One of the mistakes I made in analysis (and which I hopefully will not make in future quarters) was that because the first few weeks were light, I did the assignments and didn’t think about the subject further; I didn’t take the opportunity to familiarize myself with subject material in later chapters. I should have realized that given my poor grounding in analysis (compared to many batchmates who had done a graduate course in real analysis earlier), reading ahead would be profitable. But then, one lives and learns (hopefully!).

Algebraic topology, taught by Professor Madhav Nori, was for me the most fascinating new thing. In the first couple of weeks, I was not following too much, and moreover, I was making a lot of careless errors with the subject; long exact sequences of pairs, Mayer-Vietoris, and the like seemed mumbo-jumbo and I’d often mix the pair with the subspace. Again, it was somewhere around the fourth or fifth week that I decided to take some time off and study the subject properly. It was just a single day off; which cost me significantly in terms of assignments, but which gave me added confidence in the subject and helped me to then build a love for the subject, and a reasonable degree of intuition. It was also an occasion for me to revisit point-set topology, and to appreciate many of the subtle points in point-set topology that I had started exploring long ago, and then abandoned.

This first quarter at Chicago was extremely different from the academic atmosphere I was used to in my undergraduate institution. In most of the courses there, we had little homework; there were plenty of courses with no assignments, and even those courses which had assignments didn’t have more than three. There was only one course where we had weekly assignments, and this course was taught by Dr. Amritanshu Prasad, who did his Ph.D. at the University of Chicago. But even his assignments were much shorter than the average assignment we got here, and we had to do three in a week here!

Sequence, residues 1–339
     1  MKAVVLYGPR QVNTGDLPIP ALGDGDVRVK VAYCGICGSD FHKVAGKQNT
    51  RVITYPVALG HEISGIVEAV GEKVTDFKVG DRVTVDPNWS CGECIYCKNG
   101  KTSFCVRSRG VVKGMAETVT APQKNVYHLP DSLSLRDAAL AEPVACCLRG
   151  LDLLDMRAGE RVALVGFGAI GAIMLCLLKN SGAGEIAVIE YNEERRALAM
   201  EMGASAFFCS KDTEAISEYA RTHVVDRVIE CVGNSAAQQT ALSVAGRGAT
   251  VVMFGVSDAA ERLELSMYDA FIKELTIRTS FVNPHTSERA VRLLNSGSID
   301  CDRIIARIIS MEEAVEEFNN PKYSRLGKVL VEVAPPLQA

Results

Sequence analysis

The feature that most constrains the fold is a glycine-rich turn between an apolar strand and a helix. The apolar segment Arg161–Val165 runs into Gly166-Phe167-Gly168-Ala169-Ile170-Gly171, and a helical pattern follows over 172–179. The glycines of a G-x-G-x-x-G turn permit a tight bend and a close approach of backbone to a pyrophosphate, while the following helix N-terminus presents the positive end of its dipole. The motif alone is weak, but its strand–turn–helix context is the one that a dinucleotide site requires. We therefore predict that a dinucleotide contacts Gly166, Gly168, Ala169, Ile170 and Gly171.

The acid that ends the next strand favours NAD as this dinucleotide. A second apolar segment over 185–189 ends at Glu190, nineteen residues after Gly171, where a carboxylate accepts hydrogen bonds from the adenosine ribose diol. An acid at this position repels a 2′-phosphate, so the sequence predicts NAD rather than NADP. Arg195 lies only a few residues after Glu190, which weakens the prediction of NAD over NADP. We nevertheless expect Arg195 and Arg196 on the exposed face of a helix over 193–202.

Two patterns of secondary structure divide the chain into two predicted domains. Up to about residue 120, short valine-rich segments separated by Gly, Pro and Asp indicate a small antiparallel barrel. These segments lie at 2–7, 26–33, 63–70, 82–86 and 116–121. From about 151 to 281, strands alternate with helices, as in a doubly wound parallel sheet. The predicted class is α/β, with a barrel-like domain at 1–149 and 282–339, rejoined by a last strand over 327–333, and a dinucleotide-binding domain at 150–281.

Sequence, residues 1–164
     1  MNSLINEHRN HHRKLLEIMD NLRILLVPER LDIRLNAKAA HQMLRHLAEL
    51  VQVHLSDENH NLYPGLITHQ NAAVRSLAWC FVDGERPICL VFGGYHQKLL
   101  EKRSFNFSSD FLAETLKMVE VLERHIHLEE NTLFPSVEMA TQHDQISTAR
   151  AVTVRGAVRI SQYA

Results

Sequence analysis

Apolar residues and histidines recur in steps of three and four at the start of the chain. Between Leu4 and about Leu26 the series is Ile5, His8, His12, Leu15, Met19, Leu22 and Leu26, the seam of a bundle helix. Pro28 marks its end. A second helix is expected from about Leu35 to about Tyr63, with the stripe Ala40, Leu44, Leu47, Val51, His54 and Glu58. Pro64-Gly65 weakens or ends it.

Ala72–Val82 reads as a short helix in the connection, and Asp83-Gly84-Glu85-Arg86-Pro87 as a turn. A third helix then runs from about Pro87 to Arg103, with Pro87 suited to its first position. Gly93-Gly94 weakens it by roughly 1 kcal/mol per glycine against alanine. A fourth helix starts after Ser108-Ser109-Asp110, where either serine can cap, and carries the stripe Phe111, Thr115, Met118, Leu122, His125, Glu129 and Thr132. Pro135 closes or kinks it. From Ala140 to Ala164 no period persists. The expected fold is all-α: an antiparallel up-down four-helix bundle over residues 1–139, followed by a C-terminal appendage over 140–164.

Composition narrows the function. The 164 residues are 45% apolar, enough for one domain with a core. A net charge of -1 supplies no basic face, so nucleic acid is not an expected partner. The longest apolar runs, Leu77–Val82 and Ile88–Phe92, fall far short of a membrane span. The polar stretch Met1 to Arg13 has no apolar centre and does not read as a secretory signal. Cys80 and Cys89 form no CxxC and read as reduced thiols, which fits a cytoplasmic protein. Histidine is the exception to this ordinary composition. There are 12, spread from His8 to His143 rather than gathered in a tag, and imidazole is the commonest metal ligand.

What I learned from this first quarter most was the importance of taking time off in different senses. Firstly, there’s taking time off from studies altogether, which is the obvious meaning, but secondly, there’s taking time off from assignment work and trying to get back and view the broader picture. In some sense, my undergraduate education almost entirely consisted of taking time off, so I never had to put in an effort for it; but here, taking time off requires a deliberate effort.

It is hard to debate (and I have too little experience to even offer consolidated opinions) on whether a system with a lot of homework, as in the University of Chicago, prevents people from taking time off and getting the bigger picture. However, I must say that most people, even in the absence of a heavy workload, find it hard to stand back and get the bigger picture. In my undergraduate institution, the lack of homework pressure, while ideal for people who wanted to take time for their own study and exploration, also meant that people could simply goof off and treat the semester as vacation time: something which is rampant in our undergraduate institution, at least for people who are smart enough to get by the exams with a reasonable amount of effort. Secondly, one can take time off and get the bigger picture only after toiling on all, or at least some of, the little details, and well-constructed assignments give this opportunity.

It falls on me to integrate the various approaches and try to evolve a method for handling my studies which is not only most efficient, but also most stress-free and enjoyable.